This left a bottom five of George Russell, Mick Schumacher, Hamilton, Zhou Guanyu and Lance Stroll – leaving both Mercedes drivers out of the top 10 in painful fashion for the Constructors’ champions as the clock ticked to zero.

While this was bad news for those affected, there was a flip-side to this, as Sebastian Vettel made it through to Q3 in his struggling Aston Martin, and Haas driver Kevin Magnussen popped back into the top 10 after an off weekend in Australia.

After a few sighters in wetter conditions in the final moments of Q2, the remaining drivers got themselves set up for the top 10 shootout – or top nine on this occasion, with Sainz sitting out.

But that soon became an eight-driver fight – or so we thought.

The red flag came out again after Magnussen spun out at the downhill right-hander of Acque Minerali and appeared to be beached. But the Dane was actually able to keep his engine running and had skidded through the gravel trap, he found reverse gear and was able to creep back through the gravel and get running again in an astute piece of driving from the Haas man.


Once proceedings got underway yet again, the fight for pole could then start in earnest – and it was Leclerc and Verstappen who were at the helm, with the Red Bull driver going only two hundredths behind the Ferrari driver on their first flying runs.

However, Valtteri Bottas pulling off to the side of the track saw Verstappen have to slow down on his following lap. But such was the amount of improvement in the first two sectors, even with what appeared to be an audible lift off the throttle in yellow flag conditions, he popped in a 1:27.999 to go top of the pile – a huge 0.779s ahead of Leclerc behind.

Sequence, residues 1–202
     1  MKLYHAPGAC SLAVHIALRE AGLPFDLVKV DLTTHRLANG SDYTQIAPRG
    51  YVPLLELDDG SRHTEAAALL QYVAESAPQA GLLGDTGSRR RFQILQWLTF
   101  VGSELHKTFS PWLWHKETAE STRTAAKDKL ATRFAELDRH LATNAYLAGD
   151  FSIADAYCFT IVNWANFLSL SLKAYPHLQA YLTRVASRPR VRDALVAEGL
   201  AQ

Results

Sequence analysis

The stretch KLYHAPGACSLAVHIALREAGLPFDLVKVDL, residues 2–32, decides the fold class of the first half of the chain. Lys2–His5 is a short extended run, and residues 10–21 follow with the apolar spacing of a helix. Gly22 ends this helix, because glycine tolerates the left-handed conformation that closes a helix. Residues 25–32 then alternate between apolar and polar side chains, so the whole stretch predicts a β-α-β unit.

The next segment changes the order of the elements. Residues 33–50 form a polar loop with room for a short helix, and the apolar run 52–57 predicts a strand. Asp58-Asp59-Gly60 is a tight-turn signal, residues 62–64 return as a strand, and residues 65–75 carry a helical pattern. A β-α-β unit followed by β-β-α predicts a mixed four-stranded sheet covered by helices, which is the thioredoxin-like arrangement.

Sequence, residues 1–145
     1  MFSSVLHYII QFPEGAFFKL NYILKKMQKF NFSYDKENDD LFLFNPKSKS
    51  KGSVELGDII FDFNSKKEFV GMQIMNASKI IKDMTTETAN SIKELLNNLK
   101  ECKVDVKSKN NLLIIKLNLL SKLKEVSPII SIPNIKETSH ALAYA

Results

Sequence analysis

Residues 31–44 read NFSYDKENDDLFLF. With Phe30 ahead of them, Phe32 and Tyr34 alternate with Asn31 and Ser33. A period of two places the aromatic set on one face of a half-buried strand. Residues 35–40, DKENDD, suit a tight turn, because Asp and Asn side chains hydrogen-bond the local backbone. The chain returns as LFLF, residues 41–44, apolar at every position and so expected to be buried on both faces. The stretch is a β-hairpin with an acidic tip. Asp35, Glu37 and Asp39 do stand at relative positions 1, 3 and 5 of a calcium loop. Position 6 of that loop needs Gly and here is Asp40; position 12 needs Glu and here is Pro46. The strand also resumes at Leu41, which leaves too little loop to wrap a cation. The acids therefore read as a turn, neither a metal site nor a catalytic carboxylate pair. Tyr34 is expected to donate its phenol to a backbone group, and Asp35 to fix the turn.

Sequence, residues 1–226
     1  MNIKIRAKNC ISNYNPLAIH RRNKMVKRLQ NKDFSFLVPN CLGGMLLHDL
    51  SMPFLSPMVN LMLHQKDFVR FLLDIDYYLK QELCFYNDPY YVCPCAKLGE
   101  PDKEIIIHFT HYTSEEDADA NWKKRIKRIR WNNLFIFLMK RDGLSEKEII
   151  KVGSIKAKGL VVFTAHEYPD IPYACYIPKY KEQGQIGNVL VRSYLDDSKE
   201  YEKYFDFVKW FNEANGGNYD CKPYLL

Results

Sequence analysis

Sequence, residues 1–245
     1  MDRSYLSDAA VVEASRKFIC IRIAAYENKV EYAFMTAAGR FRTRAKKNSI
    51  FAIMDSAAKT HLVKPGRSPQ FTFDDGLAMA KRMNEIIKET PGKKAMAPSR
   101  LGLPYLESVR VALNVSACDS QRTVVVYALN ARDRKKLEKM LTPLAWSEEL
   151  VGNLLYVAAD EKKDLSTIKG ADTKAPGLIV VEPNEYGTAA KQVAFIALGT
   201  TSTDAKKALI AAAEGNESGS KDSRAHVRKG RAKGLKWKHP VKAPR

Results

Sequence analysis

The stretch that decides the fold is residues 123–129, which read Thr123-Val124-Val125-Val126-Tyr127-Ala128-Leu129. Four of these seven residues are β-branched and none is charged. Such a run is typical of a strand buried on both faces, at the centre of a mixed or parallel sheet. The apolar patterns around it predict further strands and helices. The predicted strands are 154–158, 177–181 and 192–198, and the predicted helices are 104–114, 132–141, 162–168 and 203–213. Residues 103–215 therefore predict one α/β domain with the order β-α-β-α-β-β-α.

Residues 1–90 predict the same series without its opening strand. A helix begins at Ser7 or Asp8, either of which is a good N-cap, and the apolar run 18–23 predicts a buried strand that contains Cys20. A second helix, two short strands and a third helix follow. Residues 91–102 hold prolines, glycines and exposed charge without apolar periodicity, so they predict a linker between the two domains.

Bottas’ troubles then brought out a fourth red flag of the session, with just shy of three minutes left on the clock to get one more chance at a push for pole, although even more rain made any lap time improvements unlikely.

But a fifth and final red flag put paid to anyone finishing another attempt, caused by Norris going into the barrier at Acque Minerali, skidding off track with less than a minute left on the clock, leaving the order set as it was.

It’ll be Verstappen vs Leclerc yet again from the front row, and there could well be more rain in the air as the weekend progresses. There’s still plenty of drama to come yet.

Qualifying classification

1 Max Verstappen Red Bull 1:27.999
2 Charles Leclerc Ferrari 0.779s
3 Lando Norris McLaren 1.132s
4 Kevin Magnussen Haas 1.165s
5 Fernando Alonso Alpine 1.203s
6 Daniel Ricciardo McLaren 1.743s
7 Sergio Perez Red Bull 1.809s
8 Valtteri Bottas Alfa Romeo Racing 2.440s
9 Sebastian Vettel Aston Martin 3.063s
10 Carlos Sainz Ferrari NO TIME SET
11 George Russell Mercedes 1:20.757
12 Mick Schumacher Haas 0.159s
13 Lewis Hamilton Mercedes 0.381s
14 Zhou Guanyu Alfa Romeo Racing 0.677s
15 Lance Stroll Aston Martin 7.362s
16 Yuki Tsunoda AlphaTauri 1:20.474
17 Pierre Gasly AlphaTauri 0.258s
18 Nicholas Latifi Williams 1.497s
19 Esteban Ocon Alpine 1.864s
20 Alex Albon Williams NO TIME SET